UN Members Share Guilt For the Genocide in Bosnia
THE United Nations Convention on Genocide requires that all nations prevent and punish crimes of genocide. By enforcing the illegal UN arms embargo on the sovereign and independent state of Bosnia- Herzegovina, the member states of the UN are not only failing to prevent and punish crimes of genocide, they are actually facilitating the commission of these crimes.
This is a fact President Clinton should bear in mind when considering whether to veto recent legislation seeking to lift the arms embargo.
The Convention on Genocide was adopted to prevent a recurrence of the atrocities experienced during World War II, and as such it defines genocide as the deliberate attempt to destroy a national, ethnic, racial, or religious group, in whole or in part. Recognizing genocide as a scourge on humanity, the convention criminalizes not only genocide, but also attempted genocide, incitement to commit genocide, and complicity in genocide.
Much international attention has naturally been focused on the fact that the Serbian nationalists are widely responsible for pursuing a policy of genocide in Bosnia. This fact has been confirmed by the indictments of Radovan Karadzic and Ratko Mladic for crimes of genocide.
There is no doubt, therefore, that evidence exists to prove that genocide, as defined under international law, is occurring.
There has, however, been little attention focused on the responsibility of nations and international policymakers for their part in the commission of crimes of genocide. Most states and international policymakers naively assume that, since they are pursuing a policy of ''negotiate and pray,'' and because they have the best interest of ''peace'' (appeasement) at heart, they can't be associated with the genocide taking place in Bosnia.
What these international policymakers fail to realize is that an integral component of their ''negotiate and pray'' strategy - the exclusive enforcement of the arms embargo on Bosnia-Herzegovina - is a tool of genocide.
Enforcement of the arms embargo facilitates the ability of Serb forces to commit genocide and reduces the Bosnian government's ability to defend its citizens from that genocide by permitting Serb forces to retain a superior military edge.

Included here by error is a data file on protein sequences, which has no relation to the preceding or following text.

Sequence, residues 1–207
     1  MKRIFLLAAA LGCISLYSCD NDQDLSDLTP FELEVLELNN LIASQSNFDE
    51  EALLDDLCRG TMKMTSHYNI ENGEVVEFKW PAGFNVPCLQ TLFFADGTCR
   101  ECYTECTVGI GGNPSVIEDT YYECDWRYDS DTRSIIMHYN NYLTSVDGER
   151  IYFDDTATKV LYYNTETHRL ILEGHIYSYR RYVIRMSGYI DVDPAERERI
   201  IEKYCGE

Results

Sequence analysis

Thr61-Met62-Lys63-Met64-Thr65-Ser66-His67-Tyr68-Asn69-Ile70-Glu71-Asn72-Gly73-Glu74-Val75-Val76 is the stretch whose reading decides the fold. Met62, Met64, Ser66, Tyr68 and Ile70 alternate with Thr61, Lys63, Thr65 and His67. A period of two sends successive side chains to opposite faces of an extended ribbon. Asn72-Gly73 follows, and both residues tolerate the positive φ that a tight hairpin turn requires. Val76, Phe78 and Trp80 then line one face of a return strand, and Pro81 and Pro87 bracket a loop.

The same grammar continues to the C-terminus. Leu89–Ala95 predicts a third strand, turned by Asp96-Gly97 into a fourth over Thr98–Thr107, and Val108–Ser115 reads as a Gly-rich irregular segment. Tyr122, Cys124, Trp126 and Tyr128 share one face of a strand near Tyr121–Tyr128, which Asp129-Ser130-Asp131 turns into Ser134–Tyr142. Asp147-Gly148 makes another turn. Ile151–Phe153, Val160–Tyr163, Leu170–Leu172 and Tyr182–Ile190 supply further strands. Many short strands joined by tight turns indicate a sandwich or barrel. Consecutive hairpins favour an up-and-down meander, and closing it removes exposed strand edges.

Because the countries enforcing the arms embargo are aware that it facilitates the commission of genocide, the Serbian nationalists reasonably interpret the continued enforcement of the embargo as tacit acceptance and encouragement of their genocidal acts.
Most policymakers who support the arms embargo contend that they do not ''intend'' to encourage genocide, so their policy could not therefore promote genocide.
The genocide convention, however, does not require that a third-party nation or international policymaker actually intend to commit a crime of genocide. The mere fact of their complicity in the commission of genocide, be it through intent, arrogance, or ignorance, makes them liable for that crime.
International policymakers frequently recite the mantra that they are required to enforce the arms embargo because it is mandated by a Security Council resolution.
Although the Security Council adopted more than 75 UN resolutions, including the protection of Zepa, a so-called UN ''safe area,'' the arms embargo on the former Yugoslavia is one of the few that is actually enforced - and then only with respect to Bosnia-Herzegovina.
The arms embargo is, in fact, the one resolution that should not be enforced because it is illegal under international law. It is illegitimate because it violates Bosnia-Herzegovina's territorial integrity and inherent right of self-defense as codified by UN Charter Articles 2(4) and 51.
The embargo further contravenes the obligations of UN member states and the rights of Bosnia-Herzegovina under several Security Council and General Assembly resolutions. States are thus not only permitted but are obligated by the rule of law to cease enforcement of the arms embargo.
'Official state policy'
The last remaining bit of cover for international policymakers carrying out the arms embargo is that they are simply state officials dutifully carrying out official state policy.
Yet not even this argument absolves their actions. The Convention on Genocide unambiguously declares that those who commit crimes of genocide shall be held responsible and punished, whether they are ''constitutionally responsible rulers, public officials, or private individuals.''
Foreign countries enforcing the arms embargo deny the Bosnian government the means to protect its citizens from genocide, violate their own obligations to prevent genocide, and are responsible for complicity in genocide - a crime punishable under the genocide convention.
They should keep in mind that, although no tribunal has been established to prosecute those who violate the arms embargo, a tribunal has been established to prosecute those responsible for crimes of genocide.